Logansport Pharos-Tribune from Logansport, Indiana on March 23, 1894 · Page 1
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Logansport Pharos-Tribune from Logansport, Indiana · Page 1

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Logansport, Indiana
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Friday, March 23, 1894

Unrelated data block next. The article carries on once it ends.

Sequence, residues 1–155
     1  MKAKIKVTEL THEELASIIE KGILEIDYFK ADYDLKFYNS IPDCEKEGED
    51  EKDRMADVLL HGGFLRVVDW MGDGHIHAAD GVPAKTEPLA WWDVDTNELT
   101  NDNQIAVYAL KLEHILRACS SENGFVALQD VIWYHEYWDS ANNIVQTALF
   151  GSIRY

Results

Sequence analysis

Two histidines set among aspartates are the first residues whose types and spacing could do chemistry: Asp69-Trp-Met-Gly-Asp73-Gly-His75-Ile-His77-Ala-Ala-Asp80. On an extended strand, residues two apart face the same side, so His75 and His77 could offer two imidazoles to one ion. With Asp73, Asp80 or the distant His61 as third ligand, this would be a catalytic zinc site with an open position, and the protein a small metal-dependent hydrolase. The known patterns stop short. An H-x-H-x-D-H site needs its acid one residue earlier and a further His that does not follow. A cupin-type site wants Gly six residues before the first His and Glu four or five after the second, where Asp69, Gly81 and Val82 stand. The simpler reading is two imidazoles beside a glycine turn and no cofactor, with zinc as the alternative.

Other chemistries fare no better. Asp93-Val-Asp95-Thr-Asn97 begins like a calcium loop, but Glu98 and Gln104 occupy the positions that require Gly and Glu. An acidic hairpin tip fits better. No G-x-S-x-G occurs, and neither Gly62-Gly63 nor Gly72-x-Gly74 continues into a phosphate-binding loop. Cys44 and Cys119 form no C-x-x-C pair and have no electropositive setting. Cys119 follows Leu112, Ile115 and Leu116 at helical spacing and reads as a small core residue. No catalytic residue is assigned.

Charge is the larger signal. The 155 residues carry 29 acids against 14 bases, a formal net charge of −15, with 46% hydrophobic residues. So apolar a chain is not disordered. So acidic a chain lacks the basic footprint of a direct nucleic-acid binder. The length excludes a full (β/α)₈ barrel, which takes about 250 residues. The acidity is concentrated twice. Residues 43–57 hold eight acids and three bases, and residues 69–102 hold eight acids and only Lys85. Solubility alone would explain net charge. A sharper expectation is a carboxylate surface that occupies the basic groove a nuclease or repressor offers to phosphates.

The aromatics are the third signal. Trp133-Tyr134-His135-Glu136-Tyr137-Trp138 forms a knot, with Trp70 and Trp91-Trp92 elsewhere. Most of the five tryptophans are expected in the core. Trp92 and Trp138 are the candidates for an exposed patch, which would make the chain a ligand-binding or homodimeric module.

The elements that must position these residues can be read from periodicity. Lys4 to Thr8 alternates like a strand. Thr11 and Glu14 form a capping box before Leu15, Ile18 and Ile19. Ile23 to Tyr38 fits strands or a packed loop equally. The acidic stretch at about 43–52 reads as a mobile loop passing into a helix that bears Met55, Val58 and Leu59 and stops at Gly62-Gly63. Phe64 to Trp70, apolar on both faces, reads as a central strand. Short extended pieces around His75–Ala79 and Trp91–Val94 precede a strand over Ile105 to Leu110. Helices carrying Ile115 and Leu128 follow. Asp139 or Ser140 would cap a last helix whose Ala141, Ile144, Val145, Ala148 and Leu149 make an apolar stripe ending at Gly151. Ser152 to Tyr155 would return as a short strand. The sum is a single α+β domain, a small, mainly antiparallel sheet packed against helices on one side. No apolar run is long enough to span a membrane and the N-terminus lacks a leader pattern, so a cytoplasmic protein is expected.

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MARCH 23, 18O4. WORLD'S FAIR ART PORTFOLIO COUPON. « coupons of different dativ and 10 cents secures the current nuinlwr of Art Portfolios. See advertisement. VOL. XIX. LOGANSPOKT, INDIANA. FRIDAY MOKNING, MARCH ^3.1894. NO. ARE YOU ONE of the few who have not found our store is where all the shrewd buyers do their shopping, because we have years of experience; because we have the markets of the world at our command; because we take all pains to please; because we are honest in all our dealings; because we have quality; because we have style; because we have everything one might wish for in an Ideal Dry Goods Store. A NEW DODGE. frendergast's Lawyers Adopt Plan to Try to Save Him, Claim He Has Become Demented Since Being Sentenced — No Hope for Higgins. I If You Consider Quality our prices are always the lowest. We always consider quality and strive to sell only the best. Our business is built upon this rock and the ravages of twenty-seven years have only made us stronger. This Season We are Stronger Than Ever In Quality in Style, in Low Prices. We Could Quote Prices on so many lovely cheap things, but we would rather you would come and see. Our Kid Glove Department never contained so many pretty shades; so many pretty styles; so many pretty designs. Won't you come and take a look? It's such a pleasure to show pretty goods. For a Little Easter Gift we will present you with a little souvenir with «very pair of gloves. Every department is complete, We invite your inspection. THE BUSY BEE HIVE 315 Fourth St. Wiler&Wise. LARGER GOLD PRODUCTION. Th« Jncr»» of Sit,000,000 Comet from Anierlo*. Africa mnd Itu»ltt. WAiniNOTON. March 23.—A produc< tion of gold throughout the world o: 1150,000,000 for the calendar year 1881 is the l»tn>t eBtlmate of the bureau of the mint, and the fl(fur«g which h»ro recently been received verify the esti mates made e»rly In the year. The Igold production of 1892 as reriged in rthe last report of the mint bureau, Waa 1188,301,000. The increase of f 11,000,000 will be mainly furnished by (the United State*, the'Witwaterstrandt region of South Africa and Russia. The tfgnrei for the United States, although Hot yet quite complete, indicate an in- icrease of $4,000. WO over those for 1892. .'The increase in South Africa will be •bout 10,000,000, in Russia about half ft million and in Australia about half a million. There will be small gains In other countries, including China and Japan, but they may be offset by small losses elsewhere. I-oft OfloM riU*d. WABHIHOTOH, March 22,— More than half of the presidential post offices Jhave been filled by nominations sent ito the senate since the incoming 1 of the present administration. This fact is fbronght out in a comparative state- Jnent prepared at the post office de- jpartmenL It is shown that the num- |b«r of these appointments by tho last .administration from March 4, 1889, to "March 13, 1890, was 1,69s. There woro thirty-two presidential appointments 'made March 13, 1890. The number made by this administration between iMarch 4, 1893, and March 13, 1894, was t l,TM, The total number of presidential post offices in operation March 12 last was 8,424. In th« Encmj'i Hindu. El PASO, Tex., March S3,—(Jen. Lewis C. Fry was arrested Wednesday morn- luff bv ordtc. u * Mayor Solomon and thrown in jail on a charge or vagrancy. Railroad messages say the Los Angalex regiment of unemployed is gathering strength as it comes and lias plundered some towns on the way. Rovebary to Marry PrluceM M»uU. Niw YORK, March 22. — A London cable to th* Stin says it is learned from an authoritative quarter that the qurcn and Prince of Wales have (riven their consent to the raarriujre of Rosebery with princess Maud, of Wales, and tht announcement may be expected any day. Hart While Boxing-. UTIOA, N. Y.. March 22.— While boxing with John Pugh, in hia naloon in WestUtica, Michael Ooppert was felled to the floor, injuring his head. He was picked up unconscious and conveyed to St. Luke's hospital. He cannot recover. Pugh is under arrest, UorcU Ii P»lld»pt or Uruguay. MONTEVIDEO, March 38.— Twenty•even ballot* were taken in the chamber for a preiident of the republic. On the twenty-seventh ballot the government candidate, Senor Don Idiarto Borda, was declared elected. Acquitted of Stwllni •SH.500, NEW YOBK, March 32.— Asa Guy Gm- ney, who waa on trial before the criminal court charged by the American Express company with having stolen »22,600 from a packagu of 150,000, has been acquitted. All Are Dead. EUTAW, Ala., March 22,— Sheriff E. J. Hennegan had a fight with two criminals named Russell, and Reed here. 3e killed both, but received wounds of which he died an hour after the battle. A Millionaire la Jail. FOKT WORTH, Tex., March i2.— B. M. 'age, the millionaire banker of this Uy, was indicted for killing Albert M. Smith March 13. Page is in jai). MAV STOP THE EXECUTION. CHICAGO, March 32.'—Attorneys for Patrick Eugene Prenaergast decided this morning to raise the question of his sanity under the special statute of tho state. Should the application to acting- (jov. (Jill for a respite fail Attorney S. S. (Jrepory will make a last groat, effort to at least postpone the execution until the menu*! condition of the condemned man is pasKiitl upon by u. jury of his pi/ers. Judge Chelliiin has consented to linar the case, and will begiu ut 'J o'clock. At that hour 1'renderpast will be brought over from tho jail HU d w '" faco for the second time a jury of his peers. The section (if the revised statutes under which application for a. trial has been made reads: Auu If iiftor il:e judgment and bctora the execution of the; SAiitenre such person become liinutlt; or in.Siim! then In ULML- thti punishment bo capital thf execution thereof shiill bo stayed until the recovery or the nuttl jicrbOn from the Insanity or lunacy. In all these eases it shall be the duty of the court to impanel a. jury to try the question whether the accused be, at this time of impaneling, sane or insane. ItotruyM No Kinutlou. CHICAGO, March 22.—J'rentlerg-ast beti'iiyetl no emotion when he was informed thai the supreme court had decided against him. He simply stareiJ at his informer aud did not appear to be at all concerned by the information. Attorney Clarenou S. Harrow \va.s engaged in the trial of a case in a. local court \vlict) lie received a telegram from Attorney Gregory at Ottawa announcing tin: decision of the supreme court. Jleatonoe took action to secure a respite. A petition was hastily prepared asking Acting Governor Gill to grant a respite in order that a fuller investigation of Prcudei'gast's sanity might bo tnailo. Anujng the signatures secured werii those of t'igiit of the various judges holding court in tilt 1 county building. Took Kitriiitrdiii.'ir.v .step*. Ijatu Wednesday night the attorneys for the assassin of Curler 1.1. llarritou asked J iul,;'0 Woods for a writ of habeas corpus, which, if the prayer is granted, may have the cifcct of freeing 1'rendergast. When the. supreme court at Ottawa denied the application for a supersedcas thu attorneys for the condemned man decided on this step, which is e.vtrcmely i:nu- s:i;tl in criminal jurisprudent'!; of the country. The judges met at the Auditorium hotel at 0 p. m. and there Mr. Gregory, who had just returned from Ottawa, presented his case in a speech which lasted two hours. Mr. Gregory attempted to make thu same matter re- viewable in his application for a writ of habeas corpus that ht; would if he had been applying for u, writ of error, dwelling at great length upon the alleged numerous errors in procedure. Judge Woods, by frequent interruptions, und Judge Jenkins less frequently, endeavored to convince Air. Gregory that the only point to bo considered by the federal court was the one of jurisdiction. Mr. Gregory did not concede this, and continued, setting forth the errors of procedure in the trial court ,by which Frcndergabt had been, as he alleged, deprived of his constitutional rights. He finished at 11:^0 o'clock and retired, leaving the judges to consult us to what action they should take. This conference lasted for lifteen minutes, after which they separated for the night, simply saying they would announce their decision later. J The Flea for rrenderg-.it. In brief, Mr. Gregory's plea was to the effect that Prendergast had been deprived of certain rights guaranteed under section 1 of article 14 of the constitution of the United States, which reads as follows: "All pereonB born or naturalized In the Unlwd States, and mbjeat to the Jurisdiction thereof, ara citizens of tho United States, and of the »Uto wherein they reside. No sum shall make or enforce uy la<r which ihall abridge the privileges or Immunities of oltliens of the Unlud State*: nor shall an; out* deprive anj person of life, liberty or property without due protew of law. nor deny to any porsou within Its jurisdiction tho equal protection of tho laws." He made a strong point on the separation of the jury, and also of the fact that Z*renderjra*t was not allowed to be heard in hts own behalf, and said the' prisoner had been convicted on depositions, being thus denied the right to confront the witnesses, and that this constituted a gross cane of depriving a citizen of life without due process of law. He also excepted utrongly to the instructions to the jury. Writ of Habeai forpnn Itofuirrt. Another effort to save Patrick Eugene I'rebdergast from the gallows came to naught, but as if to atone for it, another hope was held out to him for at least prolonging his life. The judges of. the United Slates circuit court refused to grant a writ of habeas corpus, but suggested that an .appeal might lie from their decision, and agreed to perfect tho record at once if an appeal were desired. Io that case a writ of supersede*! would be applied lor Irom one or tne judges, and, If granted, the execution would be postponed pending the ap peal. This would be the procedure it was explained, but no appeal wa taken at the time. final PleH for IIiggln>. Attorney Hanlou returned from Ottawa shortly after 11 o'clock. The au preme court listened to his plea for un extension of time ou behalf of Higgins and after considering it for a shor time refused. Tho application was made late last night, Mr. llanlon hap pening to find the court in sessiou. held up the fact that the day was Good Friday, but the court suggttsted that <hc';ircumtitancc would not lend nay weight to the decision. PROPOSED CHINESE TREATY. HeiiAtc Cnininlt t**f on Kuroicn Itnliitt Will Millto M Fiivuritliltf Iti'purt. WASHINGTON, March '^.—The senate commiUce on foreign relations !i:is been considering ;iu import tint Chinese treaty, negotiated by the uewChiu minister uad Secretary (Iresham. H does not meet with the approval of some of the sun a tors, who arc members of Lin* committee It is understood that this opposiliou, while considerable, has nut been Miflk'ient 10 prevent its beitiy reported favorably, though possibly with some nniend- mentf*. A synopsis follows: The new tvcuty nuih fur twtniiy ycurn, .iml it tu the expiration of tivciity i'viirs licit lie r gov- ernmeni .shall give notion 10 tins ulher or ItM Intention to have It icrmin;iu:<l, then it, shull remain in force for lUUKhor tux'nly years. During the period of tlic llfu of DH; tre;uy L'hinc.su am prohibited from ciuenuf,' thu country except upon conditions. Provision i.i miulu for ln« return of any Gliiiia.m;in who hi.s u lawful "'[ft 1 , L'hilfl or pure/it J« ibi 1 United Stilus or projwiny to tbe amount of fj.UUO nr tlt-bUi duo him to that amount. In ortkT to yucuro the buni-lHs of this provision tho Chliianum must leave with uu onicer or tho Unl'tnl Sunos u description of hi* family or property nutl .-et-ure a cer tlllc;ite oir.ltilnj,' J'-'Hi '*> return. IIo must a'.so return within a y<:»;•, which may bo ex- tcnuYii ivnuthcr your Ir. i-ist:,-} of .slcltnoss or other c:iiirtC« 'beyond l:ls eonirol. Tho oxtsiln^ trcutlKS prnvMinx for tlir :)rlvilo^'cs of travel ' and sojourn hi Uie Unik-U Siaiiis of Chineso ofrtclJilM, tuuciiors, bHitirniM uud inivelerri for curiusily, ;v^ well us iJu: ri(;ht of tninsfLof Chint 1 so o:iU;I;ils throuf.;}! iho rout.try ure prosurved. In return fur c(iiict:;isiuii^ Kraniol l*y this country to l-intcr pruicci il:c. Chinese people unii tu IcsHtn tho liarilTtilps which it i.s claimeO they HiiITer Ly r'.'iiMjn nr Lin; Gi-ury Hiw, the ('hlrieht; government :H in mltfj ^rc.itcr preciiu- tions !u jjrwcnl, llr uimJuj; »'f C'lii-iesc lu- borers to this country. '1'hc 1 treaty renders in- (jpcruth'O most of tl;e fc:i:uivs of tUe prcacul THE DEFENSE. Reading of Depositions in the Pollard-Breckinridge Case. Sisters of Fail the Norwood Convent to Recognize the Plaintiff. OVER THE STATE. Telegraphic News from Various* Town* In Indiana. WILL YIELD 3381,000,000. »tiuiRtt*N ol' t.hA Yearly Kcvcniio UDdoz tin, Amrmi.'il Tariff Hill. WASillXfiTO.v, March 'Ji.—The esti mutes of the amount of revenue which the lariil' uill reported to the senate will probably show that the total amount will be aboulSUSl.OOO.OOO. This is arciliictionof between {13,000,000 and $14,000,000 from theosti mates in the first bill reported to the committee. The principal reduction is made in the internal revenue part of the biil through the rcswnUiou of the present tax rates ou domestic cigars and cigarettes, which amounts to a loss of over $10,000,000. Them will also be an appreciable falling off iu the duty on tin plate, caused by changing vhe duty on that importation from I J-13 cent to 1 cent per pound. The change in the fruit schedule, whereby bananas, pineapples aud cocoanutR are taken from the dutiable list, will malie up tho other principal items of losses. As the bill stands, if the estimate is correct, it will produce a.t least tso,000.000 more of revenue than will be needed. M'KANE'S MEN CONVICTED. Constable Juznlcuoit found (;ullty--«Jmtlc« Newton Sent (<• King Sing. XK\V VoUK.March 2'J.—Constable ,Ta- mieson. of (Jravesend, has been found guilty in Brooklyn of perjury, committed in carrying out the pro- gramme of John Y. McKane at the election last November. The verdict was accompanied by£a recommendation of mercy on account of JamieBon'a ignorance. Justice Newton, another of the Gravesenders, pleaded guilty to the charge against him, complicity in election frauds, and was sentenced to ten mouths' imprisonment and to pay a fine of 1700, and was started for Sing Sing imracdiateJy. Cleveland and Mm Selffnlor*K«. WASHINGTON, March 22.—The president is carefully listening to the arguments, political and otherwise, addressed to him respecting the seignior- age bilJ. The best Information obtainable is that he has not yet made up hit mind what action to take, BO that noon* can stale what he will do or what h« will not do. Messrs. Tracy, Dunphy and other anti-silver congressmen say they believe the bill will be vetoed. On the other hand, the democratic senators who voted for the bill are generally verv hopeful that the president will sign it. MenifttA nonorc KoMulh. WASHINGTON, March 22.—The senate has adopted a resolution offered by Mr. Hoar expressing regret at the death of Louis Kossuth and tendering 1 to the family of the deceased the condolences of the senate. gy. Will Doctor HlK EjeV LONDON, March 22. — Ex-Premier Gladstone visited an oculist Wednesday, and after an examination of his eyes decided to submit to an operation. DEPOSITION OP SISTER A.U01.8TJXK. WASHINGTON, March 22. —The reading of depositions was taken up again when the court met, to the regret of many spectators, who had assembled with the expectation that Representative lireckinridgc would tell his story. Madeline I'ollard was seated beside her lawyer, Judge Wilson, talking- to him, with a smile playing across her face, and once us she talked she glanced over her shoulder at the white-haired defendant. .Before Attorney Stoll had proceeded far with his elocutionary effort, iss Pollard and her company rose and glided from the rooju, interrupting 1 for a moment the reading. The first deposition was that of Sister Augustine of the Norwood convent asylum. This sister has been for years at the convent, did not recognize Miss Pollard who had been at the convent, and said there had been but one Louise Wilson there aud she gave jirtli to H child last fall. During the inu 1 Miss Pollard claimed to have been n the institution there had been a 'oung woman inmate veiled most of he time. There was a rather unusual incident vhen Mr. Stall read out the name of his young woman, who had claimed to >e from a northern state, then apolo- gi/.cd and explained to the court that he sister had only given the name un- er the condition that it. was to be kept ecrot and not to be repeated. This sister had beeu present at the interview in the couvent between Miss Pollard, Attorney Carlisle and Johnson and Sister Agnes, whose deposition had been read yesterday. Sister Augustine also failed to re-cognize Miss Pollard. Her recollection of Miss Pollard's explanation of her mo- U\v for bringing the suit was that it would secure justice. Tiie entries ou the convent books under the name of Miss Itnrgoyne corresponded with the dates which Miss Pollard ami Dr. Street had given of her admittance to the asyiuni, and birth of the child and her departure. The name of the child on the record was Marie Ccrtrndo Hiirgoynp. According tn the recollection of tho .sister. Miss Jiurgoync had visited the convent twice after the child was born. The child had died in July, 1S85. When Miss Pollard was told of this, the sister deposed, she Dad thrown up her hands aud run from the room, but when she returned there were no evidences of grief in her face. When in the course of the deposition Attorney Stoll began to read testimony concerning the visit of one of Miss Pollard's attorneys, Mr. Mallon, to the convent, Mr. Carlisle objected to it as irrelevant. lirccklnrldge'il Frleodd Detert 11 Im. LEXINGTON, Ky., March 22. — CoL lireckinridge's friends hero aro deserting him by the score since it became known that he continued his relations with Miss Pollard after his secret marriage to Mrs. Wing, and ho is also badly damaged with his constituents, who severely condemn him. Slayod Two with a I'lilol. TOLLESTON, Ind., March 22.—At T o'clock Wednesday evening .lames Con> roy and William Clcary, watchmen in the Tolleston snooting club ground, quarreled with Albert Tooker, wh.> drew a big navy pistol from his pocket and fired six shots at them at short range, kiU- ing both outright. A vigilance con?- mittee was immediately organized, and. ten minutes later seventy-live farmers armed with shotguns, rilies, clubs and hay forks began scouring the wood* and swamps. round Ueuil on it Train. LA I'OHTE, Ind., March .'•.!..-When the Lake Shore reached liore Wednesday morning the train crew discovered that a man occupying a scat in one of the day coaches was dead, lie bod died between here and Oti.s, and papers on his person .showed he was C. A. ShaUreck, of Parsons, Kan., on his way to Kalamazoo, Mich., to visit an aunt. A bottle of laudanum was found in a pocket, and he may have committed suicide. ItcrttoroH the Money H« Stole. LEBANON, Ind.. March 22.—John. H. 1'erkins. of this city, received a letter Wednesday from an unknown so ro» containing ?2(j. About eight years nga Mr. Porkin's store was robbed and $20 worth of goods taken. The supposition is the money he received was sent by the robber, who has probably been converted since. The letter bears the Chicago postmark. Jumped from a Itrlriffc. SHKI.BVVII.I.E, Ind., March 22.— Andrew (.Jayheimer, 60 years old, climbed to the top of the railroad bridge which spans Flat Hock river at St. 1'uul Wednesday and jumped to a river bed which is &0 feet below. He struck on solid limestone rock and was dashed to pieces, Dvitroreil l>y Natural <i»«. MC.VCIE, JuJ., March '.'->.-~A natural gas explosion destroyed Kii Clark's large residence near Eaton Wednesday. The fragments took fire and were destroyed with the furniture. Mr. and Mrs. Clark and two children wcra badly injured, and the biiby will probably die. I'robabJy it !-'ut:il <Ju:trr».-]. LKEANO.V, Ind.. March 'J'J. —During a, quarrel over some pasture hind Wednesday afternoon Seymour Thompson attempted to shoot hi.s father-in-law, Hartley Mnitn. Tile latter was too quick for him, mid Thompson received a blow on the head which may prove fatal. Folding licit CaiMKi Dratli. WARSAW, lud., March 23.—Mrs. Mary JJolt died here Wednesday morning. She was one of two women sleeping in a folding bed, which collapsed, fracturing her spine by the concussion. A bent rod in the mechanism of the bed caused the fatal accident. ' A Fatal Shock. INDIANAPOLIS, Ind., March 22.—C, IL Carlton, n prominent real estate man of this city, died of heart disease Wednesday. He had a tussle- with * burglar Tuesday night, and the shock was the real cause of his death. Want Hack Pay. KE, March 22.—Milwaukee letter carriers will demand pay of Uncle Sa ra * or overtime since the passage of the eight-hour law in 1888. Extradition of Trnlte. DETROIT, Mich., March 22.— Requisition papers will at once be issued for the extradition of Thomas P. Truite, ex-city treasurer of Detroit, who in 180:; embezzled 115,000 of the city's money. He Is under arrest In Brooklyn, N. Y. Truite was defeated for reelection to the office of treasurer and left the city. He settled at Fort Lee, N. J., and an examination of his books disclosed a shortage of f IB.722. He bad served the city as treasurer for ten years and was known in Detroit as "Honest Torn." Be is 49 years of age. Louli KoMUth'l Funeral. TURIN, March 22.—The family of Louis Kossuth have expressed their desire that his body shall be removed to Buda-Pesth on Friday and that the funeral shall take place there Tuesday. The body will be taken to Hungary by way of Venice In order to avoid its passage over Austrian soiL Stricken wltb BmaUpox. GHKBX BAT, Wis., March 22.—Prof. Slaughter, about TO years old, has been stricken with smallpox. He had the disease in his youth and his last known exposure of the disease waa twenty-one days ago, when his little grandson was removed from the bouse to a sanitarium. Cyclone ID Indiana. MADISON, Ind., March 22.—A cyclone passed over West Madison at 5 o'clock a. m., baroly touching the ground. In some places great trees were uprooted. There was a peculiar noise and friction in the air, with red and blue colors, followed by a hailstorm. I>« France 1» Found Oullty. KALAMAZOO, Mich., March 22.—The trial of Stonewall ,f. D« France, who was charged with obtaining 15,000 from the First national bank of thU city by means of a forged draft, ha* ended in a verdict of guilty. New Industry Tor Florida. A.NDEitsox, Ind., March 22.— The. Steece Manufacturing 1 company, for* merly of West Muncie, has located at Florida, Ind. A (20,000 bonus was paid by the citizens aud a franchise for frea gas was given. Clvon Nine Yeari In tho Frn. ANDERSON, Ind., March 2?.—Tom May was sentenced Wednesday to nine, years' imprisonment in the Michigan City penitentiary. He is the 'first on* of the celebrated Goodman gang- to come to trial Drive Out Chlc»co lieef. RICHMOND, Ind., March 32.—By • united effort among such Indiana cities as Richmond, Kouotno, Terre Hants) and Indianapolis Chicago dressed beef has been practically driven out of tb« state. une Year In Prlaon, BRAZIL, Ind., March 22.—Theodora- Taylor was sentenced here Wednesday to one year in prison for stock stealing. He is believed to be an escaped convlot from the penitentiary at Columbus, O, Ananlted Their Mather. BBUIL, Ind., March 22.—Edward and Patrick Tool are on trial here for- assaulting- their old mother with Intent to kill, and for horribly cutting James Kerwin, who interfered. Three Death! at Klkksrt. ELUABT, Ind., March 32.— Mrs. T. Daily, aged 73 years; Mrs. Dr. Aitkmt and Adam Uartm&n, ag-ed S3 years, all prominently known people, died Wednesday morning. EnclUh Kmbecxler Arrested. CHIPPKWA FALLS, Wis., March 22.—A, man answering the description of John Keen, who is wanted at Itelfrate, Surrey, England, for embezzling a larjre sum of money from a loan association, has been arrested here. Indian! Loaned lor 8how Purposes, WASHINGTON, March 22.—Secretary Smith has approved the application of "Pawnee Bill" for a loan o( thlrty-flra Sioux Indians to be exhibited at th* Antwerp exposition, \